Processing Archival Collections as a Bilingual Archivist

by Andrea Lurie - January 10, 2024

German and English correspondence of Felix Hirsh from the 1930s
German and English correspondence of Felix Hirsh from the 1930s.

During my tenure working as a graduate student assistant at the M.E. Grenander Department of Special Collections and Archives from 2022-2023, I processed the Hermann Rauschning Papers and the Felix and Elisabeth Hirsch Papers among several other arrangement and description projects. The Rauschning and Hirsch Papers were especially exciting for me because of my knowledge of German. I studied German language from sixth grade to my senior year of undergraduate studies. My passion for German language and culture comes from my dad; he was stationed in Germany during his time in the U.S. Army.

Along with being a graduate assistant in the Department of Special Collections and Archives, I received my dual degree MA in History/MS in Information Science (Archives and Records Management concentration) at the University at Albany. The overlap allows for students to expand on the unique skillsets from both programs. As an example, I was able to apply my knowledge of history and language to archival practices.

Hermann Rauschning (1887-1982) was a German author and politician, who served as the President of the Freie Stadt Danzig, or the Free City of Danzig from June 1933-November 1934. Danzig was a city state, established as a self-governing power in 1920, as a breakaway from the German Empire. During the rise of Nazism, Rauschning was initially a supporter of the movement, but eventually broke from the party in 1934, and emigrated from Germany in 1936. As a political émigré, Rauschning settled in the United States and authored a variety of political works on Germany. The collection contains a variety of materials in German, English, and French; correspondence and publications authored by Rauschning comprise the bulk of the papers. Correspondence with other German émigrés, such as Golo Mann (1909-1994) and Eugen Rosenstock-Huessy (1888-1973) is included.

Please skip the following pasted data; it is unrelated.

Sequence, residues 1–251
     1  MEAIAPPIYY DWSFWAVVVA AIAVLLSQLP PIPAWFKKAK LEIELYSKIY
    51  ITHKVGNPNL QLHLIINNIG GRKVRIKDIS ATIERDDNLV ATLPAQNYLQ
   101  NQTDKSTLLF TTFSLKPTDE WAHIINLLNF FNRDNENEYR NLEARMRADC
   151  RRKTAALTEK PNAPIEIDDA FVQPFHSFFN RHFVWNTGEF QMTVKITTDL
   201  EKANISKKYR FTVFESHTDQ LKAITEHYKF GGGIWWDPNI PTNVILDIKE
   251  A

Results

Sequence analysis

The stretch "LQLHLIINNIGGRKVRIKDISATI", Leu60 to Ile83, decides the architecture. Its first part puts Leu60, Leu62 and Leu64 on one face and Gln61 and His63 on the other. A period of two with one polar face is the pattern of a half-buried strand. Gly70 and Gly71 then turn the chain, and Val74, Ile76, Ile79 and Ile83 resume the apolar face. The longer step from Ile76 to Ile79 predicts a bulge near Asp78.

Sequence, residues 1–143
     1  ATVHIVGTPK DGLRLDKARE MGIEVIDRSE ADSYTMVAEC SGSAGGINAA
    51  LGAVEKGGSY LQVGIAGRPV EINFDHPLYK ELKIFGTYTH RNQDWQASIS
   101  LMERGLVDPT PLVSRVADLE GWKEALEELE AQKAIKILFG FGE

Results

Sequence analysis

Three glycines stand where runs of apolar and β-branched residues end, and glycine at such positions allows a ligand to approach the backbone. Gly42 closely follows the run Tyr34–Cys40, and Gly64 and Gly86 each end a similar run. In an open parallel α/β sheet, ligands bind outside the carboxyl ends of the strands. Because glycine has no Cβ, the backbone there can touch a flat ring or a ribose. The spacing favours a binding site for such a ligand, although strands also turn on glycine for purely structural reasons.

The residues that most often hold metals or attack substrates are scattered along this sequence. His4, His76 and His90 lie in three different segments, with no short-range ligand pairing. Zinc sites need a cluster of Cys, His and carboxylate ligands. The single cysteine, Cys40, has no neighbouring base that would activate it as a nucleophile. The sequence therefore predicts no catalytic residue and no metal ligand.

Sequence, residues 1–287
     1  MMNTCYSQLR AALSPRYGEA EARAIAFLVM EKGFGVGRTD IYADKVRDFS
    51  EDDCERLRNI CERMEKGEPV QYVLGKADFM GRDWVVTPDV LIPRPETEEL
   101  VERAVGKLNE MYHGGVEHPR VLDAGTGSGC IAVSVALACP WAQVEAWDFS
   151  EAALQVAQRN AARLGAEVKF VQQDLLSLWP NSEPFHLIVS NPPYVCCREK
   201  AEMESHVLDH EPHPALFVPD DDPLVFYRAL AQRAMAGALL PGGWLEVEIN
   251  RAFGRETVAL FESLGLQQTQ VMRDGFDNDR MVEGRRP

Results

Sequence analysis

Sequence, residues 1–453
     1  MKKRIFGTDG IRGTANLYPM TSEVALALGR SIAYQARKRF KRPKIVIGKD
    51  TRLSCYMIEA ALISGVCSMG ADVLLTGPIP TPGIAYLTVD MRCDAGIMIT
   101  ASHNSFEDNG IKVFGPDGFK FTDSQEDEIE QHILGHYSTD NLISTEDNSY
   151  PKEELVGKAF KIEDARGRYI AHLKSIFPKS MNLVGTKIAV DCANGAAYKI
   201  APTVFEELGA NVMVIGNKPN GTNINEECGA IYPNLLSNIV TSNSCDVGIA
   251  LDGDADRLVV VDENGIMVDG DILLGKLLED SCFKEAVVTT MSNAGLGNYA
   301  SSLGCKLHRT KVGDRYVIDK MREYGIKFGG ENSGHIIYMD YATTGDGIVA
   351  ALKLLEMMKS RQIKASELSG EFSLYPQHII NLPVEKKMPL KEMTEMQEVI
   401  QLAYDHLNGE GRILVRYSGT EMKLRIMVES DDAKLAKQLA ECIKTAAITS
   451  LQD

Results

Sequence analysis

Another political émigré, Felix Hirsch (1902-1982) was born in Berlin and received his Ph.D. from Heidelberg University in 1923. He was editor of various German newspapers before he came to the United States in 1935. He earned a degree in Library Science from Columbia University and became a librarian at Bard College at Annandale-on-Hudson, NY in 1936. Felix Hirsch also served as a professor of History at Bard until 1954. In 1955, he became librarian and professor of History at Trenton State College in New Jersey, retiring in 1972. The collection contains his biographical materials, correspondence, manuscripts of books and articles, as well as academic lectures.

A specialist in Renaissance philosophy, Elisabeth (Fesit) Hirsch (1904-1998) grew up in Berlin, received her Ph.D. in Philosophy and History from the University of Marburg, immigrated to the United States in 1938, and married Felix that same year. After raising their two sons, she began teaching at Bard College and, beginning in 1956, was Professor of Philosophy and Modern Languages at Trenton State College. The collection includes her correspondence and offprints.

Besides being able to apply my knowledge of German to processing, arranging, and describing the collections, I also enjoyed applying my research skills in history to find biographical information about Rauschning and the Hirsches. Understanding the context of the record creator, like how their lived experiences shaped their work, and how their life fit into a historical narrative, allows for the materials in a collection to be better represented. For example, Rauschning’s background as an émigré and a conservative politician, who attempted to represent the complex identity of the German nation during the 20th century connects all of the materials. Understanding both German and English, the predominant languages in the Rauschning and Hirsch Papers, allowed me to have a unique perspective on how German and American audiences perceived the issues Rauschning and Felix Hirsch discussed in articles. A bilingual approach also encourages a unique comparative examination and can promote a deeper understanding of cultures.